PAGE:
Understanding the Rules for IRA Conversions

by NerdWallet | July 16, 2013 10:05 am

Hi Joanna,

From what I gathered after reviewing the backdoor Roth IRA option, you can make non deductible IRA contribution and convert to a Roth.  However, it is pro rata based on what amount of deductible IRA monies I already had in the IRA account, relative to non deductible, correct?

Can a workaround to this strategy be to open a new Traditional IRA, say at Fidelity Investments for no fee or no cost to open, fund $5,500 (or $6,500 catch up) directly into the IRA as a non deductible contribution into, say, cash reserves with no growth to that investment.  Then, immediately convert into an existing Roth IRA account. That way, no growth (i.e., tax on earnings) AND no pro-rata basis from Traditional IRA (being that it is a new IRA account with no deductible contributions in existence) and that constitutes full accordance with IRS mandate? End goal being tax-free growth on Roth IRA and ability to avoid any MAGI issues with income restrictions and contributions? Each year, technically, you could do this using a “shell” IRA account with absolutely no deductible monies in that account prior, correct?

Any thoughts or confirmation of this example would be greatly appreciated.

Thank you in advance!

-Thomas H.

Hi Thomas,

You don’t say whether or not you have existing deductible Traditional IRA assets.  If you don’t, then your plan is a very clean way of executing the Backdoor Roth IRA[1] for high income earners.

But I suspect you are asking this because you do have existing pre-tax assets and are looking for a way to make a non-deductible contribution and convert it to Roth without having to convert all of your existing deductible assets as well.  Unfortunately, the IRS pro-rata rule applies to all money across ALL accounts, so you can’t get around it by opening a new separate account at a different company.

For example, if you have $45,000 of deductible assets in a Traditional IRA with Vanguard and open a new Traditional IRA with Fidelity and fund it with $5,000 of non-deductible assets, you cannot then rollover $5,000 and claim you were rolling over only the non-deductible portion.  The government will treat your $5,000 rollover as a 10% rollover ($5,000 is 10% of your total Traditional IRA assets) and will treat $4,500 of your Vanguard $45,000 as rolled over and $500 of your $5,000 Fidelity account as rolled over, which doesn’t accomplish your goal of converting non-deductible assets into a Roth.

So those with existing pre-tax assets basically have 3 options:

  1. Convert all Traditional assets and pay income taxes on the pre-tax amount converted – Your present tax bill could be substantial, but this will allow you to contribute to a Backdoor IRA in the current and any future years, using the method you outline above.  This is an especially good option for those with a relatively long time until retirement since they will have many years to reap the benefits of additional tax-advantaged contributions.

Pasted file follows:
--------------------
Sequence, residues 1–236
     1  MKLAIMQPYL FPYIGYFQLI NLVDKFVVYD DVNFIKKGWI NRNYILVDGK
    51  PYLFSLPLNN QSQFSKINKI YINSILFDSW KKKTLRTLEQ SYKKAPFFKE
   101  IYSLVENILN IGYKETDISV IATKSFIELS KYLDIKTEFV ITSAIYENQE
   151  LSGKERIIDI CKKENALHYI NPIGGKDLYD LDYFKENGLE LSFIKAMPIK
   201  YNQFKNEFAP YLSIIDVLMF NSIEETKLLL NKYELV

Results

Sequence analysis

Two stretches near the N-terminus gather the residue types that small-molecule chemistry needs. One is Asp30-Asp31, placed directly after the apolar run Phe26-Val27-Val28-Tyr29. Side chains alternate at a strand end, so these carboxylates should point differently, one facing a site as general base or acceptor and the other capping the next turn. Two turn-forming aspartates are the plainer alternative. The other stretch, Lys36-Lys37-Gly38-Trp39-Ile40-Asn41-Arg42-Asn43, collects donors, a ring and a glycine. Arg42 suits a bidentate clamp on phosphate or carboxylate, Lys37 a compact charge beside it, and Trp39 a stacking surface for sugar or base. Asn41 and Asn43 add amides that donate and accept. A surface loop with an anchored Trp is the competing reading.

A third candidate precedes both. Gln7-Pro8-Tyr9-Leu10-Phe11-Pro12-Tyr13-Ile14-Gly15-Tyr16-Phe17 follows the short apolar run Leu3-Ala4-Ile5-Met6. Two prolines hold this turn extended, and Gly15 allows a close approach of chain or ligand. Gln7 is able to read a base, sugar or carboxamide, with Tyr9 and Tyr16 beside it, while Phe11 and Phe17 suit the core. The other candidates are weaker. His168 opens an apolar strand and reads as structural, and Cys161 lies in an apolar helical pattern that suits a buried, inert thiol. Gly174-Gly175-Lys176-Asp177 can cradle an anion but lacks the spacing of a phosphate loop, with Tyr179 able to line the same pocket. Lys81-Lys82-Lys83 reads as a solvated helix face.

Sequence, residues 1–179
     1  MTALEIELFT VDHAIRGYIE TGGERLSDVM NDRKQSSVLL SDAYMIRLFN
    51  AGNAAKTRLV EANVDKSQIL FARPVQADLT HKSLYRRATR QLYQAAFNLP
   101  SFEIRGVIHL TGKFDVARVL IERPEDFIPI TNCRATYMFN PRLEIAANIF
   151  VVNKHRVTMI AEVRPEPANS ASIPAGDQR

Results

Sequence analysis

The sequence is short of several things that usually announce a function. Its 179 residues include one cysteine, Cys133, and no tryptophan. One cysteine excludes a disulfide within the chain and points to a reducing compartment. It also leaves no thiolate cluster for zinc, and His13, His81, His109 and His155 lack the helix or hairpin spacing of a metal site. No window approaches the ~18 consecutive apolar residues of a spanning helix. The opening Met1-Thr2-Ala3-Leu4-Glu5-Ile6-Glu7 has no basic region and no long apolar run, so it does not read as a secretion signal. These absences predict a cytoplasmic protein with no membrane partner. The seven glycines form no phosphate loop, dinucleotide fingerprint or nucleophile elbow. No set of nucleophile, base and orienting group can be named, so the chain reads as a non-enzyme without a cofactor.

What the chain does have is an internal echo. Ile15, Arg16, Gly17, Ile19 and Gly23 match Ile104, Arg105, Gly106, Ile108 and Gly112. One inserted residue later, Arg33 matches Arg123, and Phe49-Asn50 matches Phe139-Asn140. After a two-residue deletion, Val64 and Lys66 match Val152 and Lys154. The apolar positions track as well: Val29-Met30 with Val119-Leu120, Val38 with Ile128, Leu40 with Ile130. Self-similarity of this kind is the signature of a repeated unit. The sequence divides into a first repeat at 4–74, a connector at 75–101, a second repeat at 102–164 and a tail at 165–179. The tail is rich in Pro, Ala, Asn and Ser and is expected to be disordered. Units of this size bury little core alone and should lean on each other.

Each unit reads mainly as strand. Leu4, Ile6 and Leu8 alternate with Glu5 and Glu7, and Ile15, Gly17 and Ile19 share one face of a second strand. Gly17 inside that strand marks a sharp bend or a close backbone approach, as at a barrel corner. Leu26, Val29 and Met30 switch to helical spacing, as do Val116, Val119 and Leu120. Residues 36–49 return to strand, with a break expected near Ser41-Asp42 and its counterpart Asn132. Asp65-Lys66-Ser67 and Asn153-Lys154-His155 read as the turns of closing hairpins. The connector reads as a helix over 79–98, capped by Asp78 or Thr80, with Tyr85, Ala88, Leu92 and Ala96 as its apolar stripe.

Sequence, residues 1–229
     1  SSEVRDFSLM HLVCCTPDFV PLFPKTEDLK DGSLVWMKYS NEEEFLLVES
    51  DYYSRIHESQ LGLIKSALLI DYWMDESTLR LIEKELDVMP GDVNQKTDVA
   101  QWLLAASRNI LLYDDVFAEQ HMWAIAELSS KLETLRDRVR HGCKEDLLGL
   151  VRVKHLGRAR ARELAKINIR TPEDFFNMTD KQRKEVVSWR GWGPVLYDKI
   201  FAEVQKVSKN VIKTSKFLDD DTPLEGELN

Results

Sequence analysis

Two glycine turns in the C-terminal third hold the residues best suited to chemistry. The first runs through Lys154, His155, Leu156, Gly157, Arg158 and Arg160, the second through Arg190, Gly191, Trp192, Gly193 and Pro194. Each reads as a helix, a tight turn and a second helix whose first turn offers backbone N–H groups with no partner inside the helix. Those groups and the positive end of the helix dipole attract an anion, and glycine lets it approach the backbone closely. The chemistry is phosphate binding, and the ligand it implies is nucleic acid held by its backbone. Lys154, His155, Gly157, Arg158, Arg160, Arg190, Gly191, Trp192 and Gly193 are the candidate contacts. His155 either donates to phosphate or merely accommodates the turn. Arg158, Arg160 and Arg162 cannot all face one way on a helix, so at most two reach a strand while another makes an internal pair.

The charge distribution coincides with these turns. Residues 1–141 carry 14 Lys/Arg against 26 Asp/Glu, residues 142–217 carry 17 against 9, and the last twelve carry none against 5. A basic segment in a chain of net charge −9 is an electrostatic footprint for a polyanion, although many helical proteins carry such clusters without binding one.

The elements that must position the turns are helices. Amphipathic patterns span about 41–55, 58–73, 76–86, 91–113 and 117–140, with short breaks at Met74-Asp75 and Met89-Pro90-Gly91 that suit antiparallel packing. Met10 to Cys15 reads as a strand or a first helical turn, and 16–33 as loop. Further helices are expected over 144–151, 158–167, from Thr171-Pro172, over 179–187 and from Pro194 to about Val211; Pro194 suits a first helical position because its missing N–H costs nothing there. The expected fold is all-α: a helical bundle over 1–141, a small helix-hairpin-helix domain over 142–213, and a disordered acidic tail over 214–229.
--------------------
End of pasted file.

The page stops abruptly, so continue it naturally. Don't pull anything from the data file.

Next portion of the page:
2. Keep your pre-tax assets and contribute to a non-deductible Traditional IRA – If you have too many pre-tax assets and cannot afford the tax bill from converting, it can make sense to contribute to a non-deductible Traditional IRA.  While this does not provide the flexibility of a taxable account or the full tax benefit of a deductible account, there are still slight tax benefits from deferrment of taxes on investment gains.  Plus, you may be able to afford to convert your accounts little by little, so your non-deductible contributions could eventually become post-tax Roth contributions.
  3. Do nothing – Some people like to have Traditional (pre-tax) assets over Roth (post-tax) assets or a mix of the two because of their view on the future direction of tax rates.  My personal preference is to get as much money as possible into any tax-advantaged account[2] I can because of the huge benefits on tax-advantaged compounding over time, but other people feel strongly that diversification of tax rate exposure is equally important and that’s a legitimate point of view.  So if you have a lot of Traditional assets that you don’t want to convert for this reason and you prefer taxable accounts to non-deductive Traditional IRAs (which account type is superior is very dependent on investment assumptions), then you would be justified in doing nothing.

Related Content

NerdWallet’s recommended IRA account providers[3]

Is it better to contribute to a Roth or Traditional IRA?[4]

 I’m only 22.  Should I contribute to my company’s 401k?[5]

Written for NerdWallet by Joanna D. Pratt, a CFA (Chartered Financial Analyst), an experienced institutional investor.  She holds a bachelor’s degree in economics and certificate in finance from Princeton and an MBA from Stanford.

  1. Backdoor Roth IRA: http://www.nerdwallet.com/blog/investing/2013/backdoor-roth-ira-high-income-how-to-guide/
  2. get as much money as possible into any tax-advantaged account: http://www.nerdwallet.com/blog/investing/2013/roth-traditional-ira-401k/
  3. NerdWallet’s recommended IRA account providers: http://www.nerdwallet.com/blog/investing/2013/roth-ira-account-provider-2013/
  4. Is it better to contribute to a Roth or Traditional IRA?: http://www.nerdwallet.com/blog/investing/2013/roth-traditional-ira-401k/
  5.  I’m only 22.  Should I contribute to my company’s 401k?: http://www.nerdwallet.com/blog/investing/2012/contribute-company-401k/

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